Finally, there is the whole question of how a line would be paid for. If it’s a public sector show, then the capital cost vanishes into the general provincial and/or city debt, but that still has an interest burden. If it’s a PPP, then the builder wants to make back their investment through some sort of lease/operate agreement. Imagine what the TTC’s operating deficit would look like if the capital debt were part of the equation either directly or via a PPP agreement. Metrolinx and Queen’s Park are big on this sort of thing, and I am sure there are would be bidders whispering in their ears. Is any of this happening in public? No.


  36. Hamish wilson wrote:

    One needed tweak for an LRT on Eglinton may well be on the surface portions. We need to start to make the major roads safe for biking too, and why can’t we place the transit and the ROWs near the curbs, leaving a bit of space for cyclists too. I think Paris has done something like this, and it could perhaps leave space and ease flows on the rest of the road, and thus reduce an irritant to drivers, and they can play whatever games they like in the centre, and not blame transit, peds, or bikes for their problems and delays.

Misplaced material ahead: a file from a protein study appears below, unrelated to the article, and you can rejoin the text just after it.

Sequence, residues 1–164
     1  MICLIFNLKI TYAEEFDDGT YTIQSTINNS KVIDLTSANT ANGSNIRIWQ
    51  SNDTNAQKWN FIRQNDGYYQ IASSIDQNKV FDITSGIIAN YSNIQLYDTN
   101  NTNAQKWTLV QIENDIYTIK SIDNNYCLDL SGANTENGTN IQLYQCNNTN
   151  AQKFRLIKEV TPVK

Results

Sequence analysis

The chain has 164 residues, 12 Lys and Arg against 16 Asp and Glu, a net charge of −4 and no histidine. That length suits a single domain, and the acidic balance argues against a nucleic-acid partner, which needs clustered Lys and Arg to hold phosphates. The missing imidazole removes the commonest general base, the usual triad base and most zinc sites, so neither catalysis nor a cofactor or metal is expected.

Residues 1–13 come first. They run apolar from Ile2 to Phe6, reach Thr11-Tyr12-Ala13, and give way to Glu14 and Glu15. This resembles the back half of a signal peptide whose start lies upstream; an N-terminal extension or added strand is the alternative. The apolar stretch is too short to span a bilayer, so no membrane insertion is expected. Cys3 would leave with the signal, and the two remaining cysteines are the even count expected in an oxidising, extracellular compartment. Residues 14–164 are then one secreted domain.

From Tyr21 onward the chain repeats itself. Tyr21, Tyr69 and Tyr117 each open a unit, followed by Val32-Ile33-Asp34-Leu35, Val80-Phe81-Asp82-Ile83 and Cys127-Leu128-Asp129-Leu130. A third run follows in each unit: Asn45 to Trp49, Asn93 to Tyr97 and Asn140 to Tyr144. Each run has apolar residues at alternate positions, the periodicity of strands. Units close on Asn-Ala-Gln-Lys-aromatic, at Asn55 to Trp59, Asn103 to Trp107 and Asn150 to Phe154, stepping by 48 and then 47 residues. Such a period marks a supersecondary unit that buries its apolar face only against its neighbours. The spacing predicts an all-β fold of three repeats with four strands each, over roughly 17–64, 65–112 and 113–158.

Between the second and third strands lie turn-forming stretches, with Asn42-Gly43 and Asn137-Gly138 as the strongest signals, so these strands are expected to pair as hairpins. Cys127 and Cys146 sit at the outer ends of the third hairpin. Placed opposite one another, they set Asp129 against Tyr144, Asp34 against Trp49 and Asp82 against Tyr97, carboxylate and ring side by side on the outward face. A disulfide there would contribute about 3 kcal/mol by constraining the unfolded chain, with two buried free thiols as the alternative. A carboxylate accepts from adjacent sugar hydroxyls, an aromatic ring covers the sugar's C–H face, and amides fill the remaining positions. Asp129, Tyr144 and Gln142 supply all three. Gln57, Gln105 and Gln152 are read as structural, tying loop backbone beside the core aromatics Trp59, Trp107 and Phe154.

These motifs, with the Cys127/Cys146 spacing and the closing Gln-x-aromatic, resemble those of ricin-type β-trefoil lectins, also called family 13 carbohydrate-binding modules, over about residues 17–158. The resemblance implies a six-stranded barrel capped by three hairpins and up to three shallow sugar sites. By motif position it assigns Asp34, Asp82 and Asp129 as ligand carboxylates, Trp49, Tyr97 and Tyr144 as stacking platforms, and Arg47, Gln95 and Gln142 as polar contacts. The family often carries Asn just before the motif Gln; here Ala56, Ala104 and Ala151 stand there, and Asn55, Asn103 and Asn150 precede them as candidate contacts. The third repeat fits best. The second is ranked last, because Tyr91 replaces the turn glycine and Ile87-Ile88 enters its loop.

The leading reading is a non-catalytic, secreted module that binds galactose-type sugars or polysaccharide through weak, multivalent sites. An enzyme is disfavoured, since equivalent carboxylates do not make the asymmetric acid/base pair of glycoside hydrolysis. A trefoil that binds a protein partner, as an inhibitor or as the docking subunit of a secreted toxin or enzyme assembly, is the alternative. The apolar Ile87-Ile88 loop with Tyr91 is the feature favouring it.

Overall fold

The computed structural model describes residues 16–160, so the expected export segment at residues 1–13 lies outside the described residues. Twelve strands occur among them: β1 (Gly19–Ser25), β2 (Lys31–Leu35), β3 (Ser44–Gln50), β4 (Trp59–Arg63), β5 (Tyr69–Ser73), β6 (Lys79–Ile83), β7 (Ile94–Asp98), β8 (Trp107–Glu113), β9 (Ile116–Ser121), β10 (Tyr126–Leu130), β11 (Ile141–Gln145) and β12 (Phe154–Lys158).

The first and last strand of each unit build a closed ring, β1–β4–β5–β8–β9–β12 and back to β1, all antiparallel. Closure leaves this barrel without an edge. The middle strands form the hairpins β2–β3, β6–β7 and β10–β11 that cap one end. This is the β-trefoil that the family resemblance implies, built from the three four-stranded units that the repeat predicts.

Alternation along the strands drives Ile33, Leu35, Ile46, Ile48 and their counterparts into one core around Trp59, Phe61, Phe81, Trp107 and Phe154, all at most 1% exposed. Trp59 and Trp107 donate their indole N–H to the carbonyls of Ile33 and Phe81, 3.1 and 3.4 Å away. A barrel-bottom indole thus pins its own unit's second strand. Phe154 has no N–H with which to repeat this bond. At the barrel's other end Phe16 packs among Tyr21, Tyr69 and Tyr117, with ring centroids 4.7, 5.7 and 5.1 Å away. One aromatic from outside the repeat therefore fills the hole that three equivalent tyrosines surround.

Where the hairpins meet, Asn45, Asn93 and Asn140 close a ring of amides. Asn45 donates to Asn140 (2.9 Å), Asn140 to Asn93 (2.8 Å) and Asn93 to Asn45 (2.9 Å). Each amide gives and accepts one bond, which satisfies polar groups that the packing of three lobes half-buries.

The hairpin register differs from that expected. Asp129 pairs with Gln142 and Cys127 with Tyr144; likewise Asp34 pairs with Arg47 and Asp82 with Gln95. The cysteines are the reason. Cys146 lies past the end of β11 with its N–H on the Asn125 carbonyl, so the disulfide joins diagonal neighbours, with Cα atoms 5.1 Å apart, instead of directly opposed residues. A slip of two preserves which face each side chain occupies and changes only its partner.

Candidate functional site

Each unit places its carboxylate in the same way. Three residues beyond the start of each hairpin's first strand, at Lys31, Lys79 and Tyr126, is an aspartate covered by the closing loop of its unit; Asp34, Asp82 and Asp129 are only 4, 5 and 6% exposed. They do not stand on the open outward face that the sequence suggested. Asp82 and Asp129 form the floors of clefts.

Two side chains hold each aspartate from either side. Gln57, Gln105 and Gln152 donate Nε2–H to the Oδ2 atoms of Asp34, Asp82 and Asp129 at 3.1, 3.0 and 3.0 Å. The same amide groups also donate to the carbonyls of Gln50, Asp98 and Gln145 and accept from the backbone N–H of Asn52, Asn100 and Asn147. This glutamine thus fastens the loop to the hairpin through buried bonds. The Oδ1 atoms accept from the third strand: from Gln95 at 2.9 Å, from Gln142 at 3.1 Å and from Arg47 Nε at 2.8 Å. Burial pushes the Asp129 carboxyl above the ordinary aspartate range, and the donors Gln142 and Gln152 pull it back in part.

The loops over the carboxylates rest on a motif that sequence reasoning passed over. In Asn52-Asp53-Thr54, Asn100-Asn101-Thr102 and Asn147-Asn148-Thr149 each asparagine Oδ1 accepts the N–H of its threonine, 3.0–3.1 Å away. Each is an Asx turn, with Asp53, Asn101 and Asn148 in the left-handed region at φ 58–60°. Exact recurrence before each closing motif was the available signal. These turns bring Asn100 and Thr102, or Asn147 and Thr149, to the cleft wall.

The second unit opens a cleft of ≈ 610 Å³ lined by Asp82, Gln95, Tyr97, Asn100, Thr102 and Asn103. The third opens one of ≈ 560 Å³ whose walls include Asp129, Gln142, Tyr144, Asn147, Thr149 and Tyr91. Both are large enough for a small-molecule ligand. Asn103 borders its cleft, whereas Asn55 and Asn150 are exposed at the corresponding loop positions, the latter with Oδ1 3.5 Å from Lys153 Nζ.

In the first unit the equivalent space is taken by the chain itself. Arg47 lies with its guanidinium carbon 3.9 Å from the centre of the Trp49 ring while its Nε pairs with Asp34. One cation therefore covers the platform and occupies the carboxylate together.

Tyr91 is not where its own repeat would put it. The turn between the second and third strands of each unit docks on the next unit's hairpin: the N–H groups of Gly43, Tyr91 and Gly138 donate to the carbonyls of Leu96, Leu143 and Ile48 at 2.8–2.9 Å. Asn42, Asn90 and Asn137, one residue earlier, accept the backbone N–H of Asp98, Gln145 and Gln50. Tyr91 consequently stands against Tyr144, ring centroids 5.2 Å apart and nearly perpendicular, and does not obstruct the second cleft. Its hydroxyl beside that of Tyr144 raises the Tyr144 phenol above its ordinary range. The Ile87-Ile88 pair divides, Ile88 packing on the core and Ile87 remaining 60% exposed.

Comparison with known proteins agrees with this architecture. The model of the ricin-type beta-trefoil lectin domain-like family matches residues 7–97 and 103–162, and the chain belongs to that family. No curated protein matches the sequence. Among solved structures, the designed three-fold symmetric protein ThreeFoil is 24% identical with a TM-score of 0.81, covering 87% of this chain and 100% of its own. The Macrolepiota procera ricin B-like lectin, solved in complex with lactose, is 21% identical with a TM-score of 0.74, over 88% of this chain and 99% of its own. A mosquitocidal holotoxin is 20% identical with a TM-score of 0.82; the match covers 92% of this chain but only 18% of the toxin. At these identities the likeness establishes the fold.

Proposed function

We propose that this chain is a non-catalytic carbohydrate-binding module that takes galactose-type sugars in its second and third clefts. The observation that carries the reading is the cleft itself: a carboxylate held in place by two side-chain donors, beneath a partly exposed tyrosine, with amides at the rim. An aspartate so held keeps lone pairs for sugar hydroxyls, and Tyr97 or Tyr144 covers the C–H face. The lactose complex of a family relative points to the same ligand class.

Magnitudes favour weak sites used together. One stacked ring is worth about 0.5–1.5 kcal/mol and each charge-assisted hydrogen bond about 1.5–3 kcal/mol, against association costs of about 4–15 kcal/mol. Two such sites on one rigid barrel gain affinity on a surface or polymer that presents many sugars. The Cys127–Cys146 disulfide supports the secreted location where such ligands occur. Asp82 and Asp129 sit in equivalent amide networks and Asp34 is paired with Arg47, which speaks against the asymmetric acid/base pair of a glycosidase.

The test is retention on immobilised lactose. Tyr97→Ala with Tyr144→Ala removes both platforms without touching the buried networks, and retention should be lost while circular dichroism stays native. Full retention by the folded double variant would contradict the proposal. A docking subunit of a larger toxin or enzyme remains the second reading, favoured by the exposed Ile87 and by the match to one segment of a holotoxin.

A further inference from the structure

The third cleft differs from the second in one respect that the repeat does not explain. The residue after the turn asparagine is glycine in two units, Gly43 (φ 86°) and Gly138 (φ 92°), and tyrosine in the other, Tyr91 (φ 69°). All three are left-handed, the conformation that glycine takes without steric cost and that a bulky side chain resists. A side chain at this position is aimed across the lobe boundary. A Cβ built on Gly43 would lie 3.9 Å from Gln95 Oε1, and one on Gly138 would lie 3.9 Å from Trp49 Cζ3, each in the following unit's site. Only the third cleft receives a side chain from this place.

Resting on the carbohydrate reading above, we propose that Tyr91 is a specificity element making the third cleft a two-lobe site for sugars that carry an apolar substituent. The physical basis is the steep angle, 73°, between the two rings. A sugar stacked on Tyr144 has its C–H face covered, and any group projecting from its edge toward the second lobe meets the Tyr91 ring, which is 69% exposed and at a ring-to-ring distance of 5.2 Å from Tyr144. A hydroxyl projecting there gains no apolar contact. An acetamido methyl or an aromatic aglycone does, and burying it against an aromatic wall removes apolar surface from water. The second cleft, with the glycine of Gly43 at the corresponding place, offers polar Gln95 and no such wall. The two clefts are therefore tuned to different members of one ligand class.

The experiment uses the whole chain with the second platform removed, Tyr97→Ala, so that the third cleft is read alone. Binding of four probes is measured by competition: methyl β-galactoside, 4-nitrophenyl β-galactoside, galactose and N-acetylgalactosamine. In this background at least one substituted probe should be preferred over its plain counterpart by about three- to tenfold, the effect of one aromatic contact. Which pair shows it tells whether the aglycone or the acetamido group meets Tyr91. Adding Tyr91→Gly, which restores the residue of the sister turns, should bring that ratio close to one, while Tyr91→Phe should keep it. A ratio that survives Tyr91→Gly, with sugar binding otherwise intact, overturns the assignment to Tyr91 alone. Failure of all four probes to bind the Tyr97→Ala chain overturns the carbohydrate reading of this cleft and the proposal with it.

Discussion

This has been suggested before but Eglinton Ave East is not a major Parisian boulevard – east of Don Mills and especially from Victoria Park to Kennedy there are numerous strip plazas on both side with multiple driveways to parking lots in front of the the storefronts that would be cut off, requiring some means of access across the LRT line. It seems much simpler to run the LRT line down the middle. There is already a wide median down much of Eglinton so there would be minimal impact to road capacity as far as I can see. I could see the line run on one side of Eglinton between Leslie and Don Mills and perhaps as far as the DVP, but after that down the middle. I could see street landscaping and other treatment that could make it more pedestrian friendly and perhaps calm the traffic, as now it looks and feels like an expressway. Perhaps as the street get redeveloped, one could see the strip plazas replaced with 3-5 story low-rise building build close to the street w/o the parking lots in front and that would also help to change the dynamic of the street.